There were no independent eyewitness reports of rebel movement, but there also appeared to be few fighters in Cap-Haitien, where hundreds were seen Wednesday. Cap-Haitien is just 90 miles north of Port-au-Prince, but it is a seven-hour drive over badly potholed roads.

Haiti's police force, just 4,000 for a country of 8 million, is trained to deal with rioters -- not the soldiers who are among the guerrillas.

More than 40 officers were killed in the first 10 days of the rebellion, which erupted Feb. 5. Dominican soldiers said they turned away 37 Haitian officers trying to flee the country this week.

Aristide disbanded the army that ousted him in 1991 after the United States sent 20,000 troops to restore him and halt an exodus of boat people to Florida in 1994.

France and the United States have blamed Aristide for the crisis.

Aristide, a 50-year-old former slum priest, once commanded widespread support as Haiti's first democratically elected leader and savior to the poor, but he has steadily lost support as poverty deepened after his party swept flawed legislative elections in 2000 and international donors suspended aid.

As he has lost support, Aristide is accused of using police and street gangs to attack opponents -- charges he denies.

"The president has no intention of resigning," government spokesman Mario Dupuy told AP. Others, however, spoke openly of it.

On Wednesday, Aristide sent his two daughters on a flight to New York City.

"The day of deliverance has come. Aristide's departure is imminent," opposition politician Claire Lydie Parent said in a radio declaration.

Opposition leaders, who say they are not linked to the rebels, rejected a U.S.-backed proposal for Aristide to remain as president and share power with his political rivals.

"There is a lot of tension today," said Jean Pierre Sully, 30. A planned demonstration in the capital was canceled.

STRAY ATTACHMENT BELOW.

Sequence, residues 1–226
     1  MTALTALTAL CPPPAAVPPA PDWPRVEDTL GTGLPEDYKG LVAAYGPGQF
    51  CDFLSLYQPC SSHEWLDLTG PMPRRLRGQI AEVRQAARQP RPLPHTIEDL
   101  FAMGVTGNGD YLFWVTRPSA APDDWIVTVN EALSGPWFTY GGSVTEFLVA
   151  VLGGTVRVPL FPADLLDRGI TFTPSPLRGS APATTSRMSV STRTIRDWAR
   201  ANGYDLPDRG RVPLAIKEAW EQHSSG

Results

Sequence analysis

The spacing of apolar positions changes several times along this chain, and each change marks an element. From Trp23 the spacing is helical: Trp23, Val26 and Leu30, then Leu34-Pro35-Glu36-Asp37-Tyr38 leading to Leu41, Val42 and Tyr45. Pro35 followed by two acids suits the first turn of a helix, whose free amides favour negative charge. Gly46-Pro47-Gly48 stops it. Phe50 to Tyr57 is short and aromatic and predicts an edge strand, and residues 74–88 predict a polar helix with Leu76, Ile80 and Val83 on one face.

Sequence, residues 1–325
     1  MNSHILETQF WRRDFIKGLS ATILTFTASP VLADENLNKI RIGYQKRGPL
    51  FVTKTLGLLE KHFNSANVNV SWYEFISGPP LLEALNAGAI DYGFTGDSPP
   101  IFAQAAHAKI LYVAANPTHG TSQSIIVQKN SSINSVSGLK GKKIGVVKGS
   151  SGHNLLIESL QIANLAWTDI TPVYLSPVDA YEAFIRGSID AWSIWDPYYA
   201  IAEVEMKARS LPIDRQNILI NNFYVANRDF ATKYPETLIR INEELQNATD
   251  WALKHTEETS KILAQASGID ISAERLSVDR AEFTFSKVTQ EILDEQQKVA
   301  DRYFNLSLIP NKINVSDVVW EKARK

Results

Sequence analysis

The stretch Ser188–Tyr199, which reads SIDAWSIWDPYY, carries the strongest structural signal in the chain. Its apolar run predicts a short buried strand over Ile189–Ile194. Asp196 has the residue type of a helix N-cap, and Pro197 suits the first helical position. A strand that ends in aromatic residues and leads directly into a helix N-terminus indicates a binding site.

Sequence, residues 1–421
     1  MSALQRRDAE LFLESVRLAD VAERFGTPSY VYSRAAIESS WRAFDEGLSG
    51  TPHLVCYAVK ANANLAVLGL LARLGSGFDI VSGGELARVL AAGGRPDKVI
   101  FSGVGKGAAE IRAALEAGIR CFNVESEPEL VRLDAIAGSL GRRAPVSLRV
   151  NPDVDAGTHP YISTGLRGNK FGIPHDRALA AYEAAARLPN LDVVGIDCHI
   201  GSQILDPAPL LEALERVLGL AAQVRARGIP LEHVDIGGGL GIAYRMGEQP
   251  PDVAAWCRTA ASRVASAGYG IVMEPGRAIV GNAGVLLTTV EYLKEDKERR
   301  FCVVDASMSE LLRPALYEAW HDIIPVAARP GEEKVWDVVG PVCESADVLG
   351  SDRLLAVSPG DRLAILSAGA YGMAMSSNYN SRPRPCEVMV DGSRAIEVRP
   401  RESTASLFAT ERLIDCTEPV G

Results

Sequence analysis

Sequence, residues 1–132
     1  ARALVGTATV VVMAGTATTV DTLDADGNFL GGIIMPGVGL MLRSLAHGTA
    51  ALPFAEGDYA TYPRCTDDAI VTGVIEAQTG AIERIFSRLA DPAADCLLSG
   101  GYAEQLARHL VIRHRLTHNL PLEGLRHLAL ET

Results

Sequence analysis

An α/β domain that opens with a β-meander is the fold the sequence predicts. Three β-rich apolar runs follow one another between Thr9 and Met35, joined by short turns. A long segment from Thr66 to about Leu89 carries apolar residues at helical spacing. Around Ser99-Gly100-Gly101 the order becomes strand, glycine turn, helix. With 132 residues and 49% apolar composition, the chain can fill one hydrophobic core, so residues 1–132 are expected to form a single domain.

At the airport, Americans with M-16 rifles and bulletproof vests arrived with a convoy of 92 U.N. employees and their families leaving after the United Nations ordered an evacuation of nonessential staff.

Military helicopters from the neighboring Dominican Republic ferried people from its embassy in the hillside suburb of Petionville to the airport. Spain chartered a plane in the Dominican capital, Santo Domingo, that left for Port-au-Prince on Thursday to evacuate 50 nationals.

American ambassador in haiti accuses US of coup { January 29 2006 }
Americans flee haiti as rebellion spreads { February 20 2004 }
Answers to questions about haiti coup { March 2 2004 }
Aristide lawsuit against us france over kidnapping
Aristide supporters attack students { February 21 2004 }
Aristide urges peaceful resistance to occupation
At least 41 die in haiti rebellion
Bush holds out for political settlement
Bush presses aristide to quit { February 29 2004 }
Drug dealer accuses aristide
France calls for aristide to resign { February 26 2004 }
France considers peace keepers for haiti
French and us planes land in haiti capital
Gangs rampage in haiti capital
Haiti uprising spreads
Haitian rebels moving towards capital
IFES helped oust aristide colonize haiti { December 20 2004 }
Marines arrive to guard haiti embassy
Powell disappointed in haiti government { February 12 2004 }
Un fails to evacuate staff from haiti
Us pushes for regime change in haiti
Us wont send haiti help { February 19 2004 }
Whos who in hatian crisis
Why france and us had to crush aristide { March 2 2004 }